Monday, July 30, 2012


The liner notes below are all about the video that follows. Most lovers of jazz could not tell you how many times they have listened to this album. If you don't know it, here it is. So many You Tube pieces are small tastes; this is the whole matzoh ball. Savor it and save it.

Mile Davis - Kind Of Blue Full Album Concert Full HD Kind of Blue is a studio album by American jazz musician Miles Davis, released August 17, 1959, on Columbia Records in the United States. High Quality Sound Audio FLAC Which Preserve Quality of Original Uncompressed Audio Sound Recording sessions for the album took place at Columbia's 30th Street Studio in New York City on March 2 and April 22, 1959. The sessions featured Davis's ensemble sextet, which consisted of pianist Bill Evans (Wynton Kelly on one track), drummer Jimmy Cobb, bassist Paul Chambers, and saxophonists John Coltrane and Julian "Cannonball" Adderley.

After the entry of Bill Evans into his sextet, Davis followed up on the modal experimentations of Milestones (1958) and 1958 Miles (1958) by basing the album entirely on modality, in contrast to his earlier work with the hard bop style of jazz. Though precise figures have been disputed, Kind of Blue has been described by many music writers not only as Davis's best-selling album, but as the best-selling jazz record of all time. On October 7, 2008, it was certified quadruple platinum in sales by the Recording Industry Association of America (RIAA). It has been regarded by many critics as the greatest jazz album of all time and Davis's masterpiece.

The album's influence on music, including jazz, rock, and classical music, has led music writers to acknowledge it as one of the most influential albums ever made. In 2002, it was one of fifty recordings chosen that year by the Library of Congress to be added to the National Recording Registry. In 2003, the album was ranked number 12 on Rolling Stone magazine's list of the 500 greatest albums of all time.

Kind of Blue has been cited by writers and music critics as the greatest jazz album of all time and has been ranked at or near the top of numerous "best album" lists in disparate genres. In 2002, Kind of Blue was one of 50 recordings chosen that year by the Library of Congress to be added to the National Recording Registry.In selecting the album as number 12 on its list of the 500 greatest albums of all time, Rolling Stone magazine stated "This painterly masterpiece is one of the most important, influential and popular albums in jazz". On December 16, 2009, the United States House of Representatives passed a resolution honoring the fiftieth anniversary of Kind of Blue and "reaffirming jazz as a national treasure". It is included in the book 1001 Albums You Must Hear Before You Die, described by reviewer Seth Jacobson as "a genre-defining moment in twentieth-century music, period."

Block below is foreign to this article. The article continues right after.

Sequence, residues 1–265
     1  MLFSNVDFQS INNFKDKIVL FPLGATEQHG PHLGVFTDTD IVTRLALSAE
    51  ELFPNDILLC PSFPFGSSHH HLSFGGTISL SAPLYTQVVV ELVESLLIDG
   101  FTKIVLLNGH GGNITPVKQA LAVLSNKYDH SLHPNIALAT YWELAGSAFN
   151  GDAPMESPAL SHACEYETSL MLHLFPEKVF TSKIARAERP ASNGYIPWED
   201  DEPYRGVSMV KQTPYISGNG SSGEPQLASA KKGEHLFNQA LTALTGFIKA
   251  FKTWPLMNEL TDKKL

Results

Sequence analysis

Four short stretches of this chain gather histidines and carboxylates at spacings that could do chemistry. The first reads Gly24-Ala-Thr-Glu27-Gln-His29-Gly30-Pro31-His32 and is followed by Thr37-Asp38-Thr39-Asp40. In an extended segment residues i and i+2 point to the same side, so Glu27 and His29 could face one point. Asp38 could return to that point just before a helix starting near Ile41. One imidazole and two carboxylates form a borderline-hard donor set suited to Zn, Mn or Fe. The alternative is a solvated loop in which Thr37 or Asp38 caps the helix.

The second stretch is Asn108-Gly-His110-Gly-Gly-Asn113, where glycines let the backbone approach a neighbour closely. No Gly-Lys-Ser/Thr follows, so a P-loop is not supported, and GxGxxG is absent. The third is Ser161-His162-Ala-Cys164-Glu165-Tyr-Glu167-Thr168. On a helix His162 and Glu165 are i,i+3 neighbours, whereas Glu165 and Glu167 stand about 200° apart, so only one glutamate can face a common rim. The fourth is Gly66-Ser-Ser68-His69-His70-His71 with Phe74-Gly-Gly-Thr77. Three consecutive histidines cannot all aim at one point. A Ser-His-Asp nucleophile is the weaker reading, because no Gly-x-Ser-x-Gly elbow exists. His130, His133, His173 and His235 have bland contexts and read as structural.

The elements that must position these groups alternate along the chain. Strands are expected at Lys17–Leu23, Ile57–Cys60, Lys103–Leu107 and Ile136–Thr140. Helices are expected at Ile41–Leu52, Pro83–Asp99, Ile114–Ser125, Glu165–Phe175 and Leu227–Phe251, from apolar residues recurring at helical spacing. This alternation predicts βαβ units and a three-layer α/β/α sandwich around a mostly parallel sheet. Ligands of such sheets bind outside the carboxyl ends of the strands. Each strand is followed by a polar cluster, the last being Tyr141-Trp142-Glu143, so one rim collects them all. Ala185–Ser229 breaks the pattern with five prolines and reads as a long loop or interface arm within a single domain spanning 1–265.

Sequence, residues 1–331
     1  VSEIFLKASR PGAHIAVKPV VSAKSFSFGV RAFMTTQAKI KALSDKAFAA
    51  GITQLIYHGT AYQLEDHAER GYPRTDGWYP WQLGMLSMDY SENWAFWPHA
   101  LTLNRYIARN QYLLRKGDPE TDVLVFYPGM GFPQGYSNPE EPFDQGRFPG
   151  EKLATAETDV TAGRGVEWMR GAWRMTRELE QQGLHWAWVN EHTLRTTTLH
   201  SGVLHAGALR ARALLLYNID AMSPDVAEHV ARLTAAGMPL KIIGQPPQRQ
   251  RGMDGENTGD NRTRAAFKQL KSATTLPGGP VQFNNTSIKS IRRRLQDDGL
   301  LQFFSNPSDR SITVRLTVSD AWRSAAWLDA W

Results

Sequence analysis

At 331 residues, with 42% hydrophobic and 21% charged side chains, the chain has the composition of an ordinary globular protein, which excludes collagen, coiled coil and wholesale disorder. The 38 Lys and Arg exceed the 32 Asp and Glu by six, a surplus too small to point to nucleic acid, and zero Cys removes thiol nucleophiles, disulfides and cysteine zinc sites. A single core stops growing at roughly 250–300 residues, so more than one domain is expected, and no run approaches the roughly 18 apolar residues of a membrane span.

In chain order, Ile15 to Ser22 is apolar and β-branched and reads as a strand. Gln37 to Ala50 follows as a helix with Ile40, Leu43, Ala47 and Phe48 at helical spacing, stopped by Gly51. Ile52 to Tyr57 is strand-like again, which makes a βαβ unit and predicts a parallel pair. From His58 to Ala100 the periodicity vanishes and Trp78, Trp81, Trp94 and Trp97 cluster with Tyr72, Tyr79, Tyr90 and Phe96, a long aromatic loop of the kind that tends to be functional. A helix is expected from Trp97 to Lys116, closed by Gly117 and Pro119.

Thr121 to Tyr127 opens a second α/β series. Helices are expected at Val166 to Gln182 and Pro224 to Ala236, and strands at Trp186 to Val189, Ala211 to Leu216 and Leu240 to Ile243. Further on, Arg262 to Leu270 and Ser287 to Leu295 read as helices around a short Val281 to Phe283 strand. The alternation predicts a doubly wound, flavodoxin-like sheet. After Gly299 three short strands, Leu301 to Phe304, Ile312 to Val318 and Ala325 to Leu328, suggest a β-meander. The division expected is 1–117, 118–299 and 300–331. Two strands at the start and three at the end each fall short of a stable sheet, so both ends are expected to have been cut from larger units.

Track listing
All songs written and composed by Miles Davis except where noted (see content section for more information). Only six complete takes of the five songs on the album exist:.
No. Title Length
1. "So What" 9:22
2. "Freddie Freeloader" 9:46
3. "Blue in Green" (Miles Davis and Bill Evans) 5:37
4. "All Blues" 11:33
5. "Flamenco Sketches" (Miles Davis and Bill Evans) 9:26
Reissue bonus track
No. Title Length
6. "Flamenco Sketches (Alternate take)" 9:32
Tracks 1, 2 and 3 (side one on the original vinyl release) recorded March 2, 1959; tracks 4 and 5 (side two) recorded April 22, 1959. All tracks recorded at Columbia 30th Street Studio, New York City.

Miles Davis -- trumpet, band leader
Julian "Cannonball" Adderley -- alto saxophone, except on "Blue in Green"
Paul Chambers -- double bass
Jimmy Cobb -- drums
John Coltrane -- tenor saxophone
Bill Evans -- piano (except "Freddie Freeloader"), liner notes
Wynton Kelly -- piano on "Freddie Freeloader"


Sunday, July 29, 2012

Friday, July 27, 2012



1. "If the legislative assembly were a public company, it would be delisted."

The Auditor-General's scathing report on the Provincial Legislature's utter inability to keep records of spending tax dollars is more than embarrassing. It's infuriating. 

One of the favorite past times of legislators, politicians and bureaucrats is telling non-profit charities that they must be more responsible and keep better books. In short, they are regularly demanding that people involved on a daily basis with the poor, the addicted, the underprivileged and the dis-empowered should also be CPA's in their spare time - like such front line workers have spare time.

In spite of challenging work loads, most charitable organizations do a great job of accounting for the way they spend money.

Now let's see what the kettle-calling-everybody-else-black can do about cleaning up their own arrogant mess.

2. Why is Post Media, the parent company of most Canadian dailies, spending its dwindling resources having columnist Christie Blatchford hanging out for ages in a Winnipeg courtroom?

The case is about as tabloid sleazorama as they get. A Manitoba judge and her husband may or may not have propositioned a man into three way sex.


Christie Blatchford is a very good writer.

This piece of trash non-story could have been covered by a Winnipeg Free Press intern.

There are no bigger issues in the Canadian fabric these days?

And they wonder why the old business model is collapsing?

Decisions to go on for days on such trivia and gossip like this don't help.

Monday, July 23, 2012



The Colorado massacre, in one of those bleak coincidences, occurred during the same week as the anniversary of the murder of 77 people in Norway. It occurred a week after the shooting of 22 people in Toronto.

These examples, and others, show that crazy, evil people bent on murder, will find the means to do it. Ask the parents of the Jewish kids who died in Belarus last week.

The gun availability in America is of course ludicrous but it has willing, non-american participants. The gun of choice for ghetto gangstas in America is the Glock, a product of Austria. It has been celebrated in the songs of numerous rappers. Lee Oswald used an Italian assault rifle. France was the major supplier of Iraq's nuclear program. Europeans preach peace and sell death.

These events usually result in a having the same bromides trotted out such as the root cause being poverty. Norway has the world's richest economy on a per capita basis. It still produces mass murderers. The shoot out in Toronto did, admittedly, occur at a street party in a government housing project. But organizers of the party bought $1500 worth of cognac to distribute on the sidewalk. Poor in Toronto is upper middle class in Somalia.